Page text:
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2002 Edition, September 1, 2002

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Product Details:

  • Revision: 2002 Edition, September 1, 2002
  • Published Date: September 2002
  • Status: Active, Most Current
  • Document Language: English
  • Published By: Welding Research Council (WRC)
  • Page Count: 135
  • ANSI Approved: No
  • DoD Adopted: No

Description / Abstract:

Part 1: Finite Element Case Study of Local Stress Effects in Long Seam Welded Piping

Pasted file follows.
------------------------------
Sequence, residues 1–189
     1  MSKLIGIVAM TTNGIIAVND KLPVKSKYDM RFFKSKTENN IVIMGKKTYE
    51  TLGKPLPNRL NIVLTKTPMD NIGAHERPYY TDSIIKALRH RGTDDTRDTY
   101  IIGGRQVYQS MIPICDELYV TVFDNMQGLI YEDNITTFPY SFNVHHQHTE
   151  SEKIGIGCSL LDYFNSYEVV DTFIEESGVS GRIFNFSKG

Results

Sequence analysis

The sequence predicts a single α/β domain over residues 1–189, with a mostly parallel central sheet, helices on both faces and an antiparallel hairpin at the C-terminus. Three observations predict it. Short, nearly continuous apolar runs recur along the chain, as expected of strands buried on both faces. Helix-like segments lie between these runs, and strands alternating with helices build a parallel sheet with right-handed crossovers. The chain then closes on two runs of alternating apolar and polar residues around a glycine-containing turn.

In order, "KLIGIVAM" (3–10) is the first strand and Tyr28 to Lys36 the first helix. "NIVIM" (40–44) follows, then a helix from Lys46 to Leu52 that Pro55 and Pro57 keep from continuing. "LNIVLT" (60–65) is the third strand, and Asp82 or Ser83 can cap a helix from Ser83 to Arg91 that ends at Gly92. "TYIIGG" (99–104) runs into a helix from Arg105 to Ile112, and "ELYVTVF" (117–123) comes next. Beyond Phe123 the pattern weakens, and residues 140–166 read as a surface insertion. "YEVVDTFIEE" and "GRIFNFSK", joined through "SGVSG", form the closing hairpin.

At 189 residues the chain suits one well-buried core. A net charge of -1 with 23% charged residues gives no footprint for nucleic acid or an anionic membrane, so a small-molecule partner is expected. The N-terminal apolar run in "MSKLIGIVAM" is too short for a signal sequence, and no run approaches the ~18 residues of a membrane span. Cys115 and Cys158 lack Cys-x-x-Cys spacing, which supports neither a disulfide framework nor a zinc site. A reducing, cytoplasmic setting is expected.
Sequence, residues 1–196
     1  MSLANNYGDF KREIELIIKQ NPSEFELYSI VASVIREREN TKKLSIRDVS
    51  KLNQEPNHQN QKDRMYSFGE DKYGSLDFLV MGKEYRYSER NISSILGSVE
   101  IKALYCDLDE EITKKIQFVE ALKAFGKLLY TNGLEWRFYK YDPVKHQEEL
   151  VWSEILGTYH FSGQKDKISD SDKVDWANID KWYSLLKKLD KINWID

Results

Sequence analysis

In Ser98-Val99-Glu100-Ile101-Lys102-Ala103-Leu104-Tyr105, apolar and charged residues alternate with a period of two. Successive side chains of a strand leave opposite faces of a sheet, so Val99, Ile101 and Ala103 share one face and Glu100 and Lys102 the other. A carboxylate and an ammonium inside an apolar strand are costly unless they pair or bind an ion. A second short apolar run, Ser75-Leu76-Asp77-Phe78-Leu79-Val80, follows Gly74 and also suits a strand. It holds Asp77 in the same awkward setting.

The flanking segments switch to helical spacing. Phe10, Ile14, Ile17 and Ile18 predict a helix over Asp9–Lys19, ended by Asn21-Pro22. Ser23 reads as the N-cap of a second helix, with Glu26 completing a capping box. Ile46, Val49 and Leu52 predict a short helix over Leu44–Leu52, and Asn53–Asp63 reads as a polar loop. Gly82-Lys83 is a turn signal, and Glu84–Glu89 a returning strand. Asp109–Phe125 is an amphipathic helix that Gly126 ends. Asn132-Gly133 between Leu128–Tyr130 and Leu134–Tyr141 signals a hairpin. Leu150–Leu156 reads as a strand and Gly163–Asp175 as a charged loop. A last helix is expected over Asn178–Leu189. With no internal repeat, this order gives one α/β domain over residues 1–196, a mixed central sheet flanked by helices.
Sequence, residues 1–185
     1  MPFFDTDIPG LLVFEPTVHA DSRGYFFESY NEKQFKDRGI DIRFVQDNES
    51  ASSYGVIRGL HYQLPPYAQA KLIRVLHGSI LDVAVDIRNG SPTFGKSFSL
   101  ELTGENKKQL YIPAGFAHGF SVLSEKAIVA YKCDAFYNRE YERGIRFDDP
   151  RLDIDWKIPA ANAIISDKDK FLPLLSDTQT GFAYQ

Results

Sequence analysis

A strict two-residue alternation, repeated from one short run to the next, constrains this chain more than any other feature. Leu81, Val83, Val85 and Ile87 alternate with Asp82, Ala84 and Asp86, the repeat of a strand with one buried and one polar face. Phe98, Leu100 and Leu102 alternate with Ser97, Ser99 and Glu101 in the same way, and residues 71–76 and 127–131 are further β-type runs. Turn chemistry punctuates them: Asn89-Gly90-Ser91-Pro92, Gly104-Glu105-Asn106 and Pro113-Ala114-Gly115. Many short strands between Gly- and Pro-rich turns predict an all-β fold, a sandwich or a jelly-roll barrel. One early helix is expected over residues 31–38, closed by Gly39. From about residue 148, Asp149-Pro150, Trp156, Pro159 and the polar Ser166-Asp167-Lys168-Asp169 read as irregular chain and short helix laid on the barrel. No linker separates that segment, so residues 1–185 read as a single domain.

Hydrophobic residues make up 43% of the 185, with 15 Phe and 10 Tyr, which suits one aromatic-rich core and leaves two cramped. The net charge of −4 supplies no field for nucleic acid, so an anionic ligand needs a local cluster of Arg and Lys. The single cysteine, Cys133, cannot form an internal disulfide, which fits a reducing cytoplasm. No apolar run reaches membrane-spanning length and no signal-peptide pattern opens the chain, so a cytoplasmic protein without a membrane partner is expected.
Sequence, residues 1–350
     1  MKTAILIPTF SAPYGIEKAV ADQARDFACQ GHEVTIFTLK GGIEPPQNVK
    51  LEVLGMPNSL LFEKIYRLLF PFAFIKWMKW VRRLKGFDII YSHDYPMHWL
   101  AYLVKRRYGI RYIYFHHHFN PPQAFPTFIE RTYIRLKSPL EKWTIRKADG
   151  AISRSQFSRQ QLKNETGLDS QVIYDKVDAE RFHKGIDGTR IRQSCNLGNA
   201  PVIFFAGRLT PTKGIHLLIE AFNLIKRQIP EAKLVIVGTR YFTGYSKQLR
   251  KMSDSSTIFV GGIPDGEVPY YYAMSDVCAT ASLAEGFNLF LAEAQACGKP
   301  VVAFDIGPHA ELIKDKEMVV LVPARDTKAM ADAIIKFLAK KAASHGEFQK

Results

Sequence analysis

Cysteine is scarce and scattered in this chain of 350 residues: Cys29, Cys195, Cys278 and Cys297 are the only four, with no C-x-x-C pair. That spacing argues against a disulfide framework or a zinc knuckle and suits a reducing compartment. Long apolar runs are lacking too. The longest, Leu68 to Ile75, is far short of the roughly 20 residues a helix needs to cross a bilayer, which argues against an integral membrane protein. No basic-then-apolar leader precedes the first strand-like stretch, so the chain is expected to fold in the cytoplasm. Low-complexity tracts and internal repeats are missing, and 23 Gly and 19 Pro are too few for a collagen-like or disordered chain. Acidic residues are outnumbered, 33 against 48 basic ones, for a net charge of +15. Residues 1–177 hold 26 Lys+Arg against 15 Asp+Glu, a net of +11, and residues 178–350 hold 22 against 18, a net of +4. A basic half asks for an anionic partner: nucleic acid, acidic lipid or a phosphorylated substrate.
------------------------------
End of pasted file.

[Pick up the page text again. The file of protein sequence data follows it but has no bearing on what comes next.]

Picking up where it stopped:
Part 2: Determination of Creep Behavior of Singular HAZ Regions to Model the Behavior of the Entire HAZ of CR-MO Steels (ASME T/P11, T/P91, T/P92, T/P122) in Elevated Temperature Service Creep damage in weldments has lead to loss of life, property, operating time and, of course, profit. Only relatively recently has it been appreciated that the life expectancy of a weld may be a small fraction of that of the base metals being joined. The problem is not an inherent deficiency in the weld metal. Rather it is the local interaction of metallurgical structures with differing creep properties that leads to stress intensification and associated increases in the triaxial or hydrostatic stresses in the neighborhood of the joint. Hydrostatic tensions serve to reduce the creep rates of less creep resistant areas but accelerate the rate of cavity growth. The failures and damage reported in service show cavitation, microcracking and then, rapid macrocracking. Furthermore, it has been concluded from postmortems that creep damage initiates primarily at subsurface locations, and in long seam welded piping the creep damage progresses to an advanced stage without any apparent OD surface evidence. The Pressure Vessel Research Council (PVRC) of WRC and its sister organization, The Materials Properties Council (MPC), have responded to the concerns of industry with a variety of studies ranging from NDE performance demonstration, to development of life assessment tools. One of these tools consisted of the software discussed herein. The software incorporated estimates of the stress intensification associated with local variations in weld deposit or heat affected zone creep properties and with geometrical factors such as weld joint geometry and pipe peaking. When combined with the Omega creep damage model, also developed under the auspices of MPC, and a cavity growth algorithm, the software explained quantitatively the observed reductions on operating life for both normalized and subcritically heat treated weldments. Failures of the latter group are often described as Type IV failures, and have only recently been observed in the United States. The significant creep rate mismatch expected in the heat affected zones of high strength ferritic steels increases the tendency towards such failures as described in the two papers . The work by Lundin et al represents a first step toward sytematically gathering data needed to improve the analytical models. It takes advantage of a novel, long "singular" simulated heat affected zone specimen that facilitates measurement of creep rates on other aspects of creep performance of microstructures of interest. The works reported here should be viewed as the first systematic steps aimed at developing tools to be used for design and life assessment and even alloy development or optimization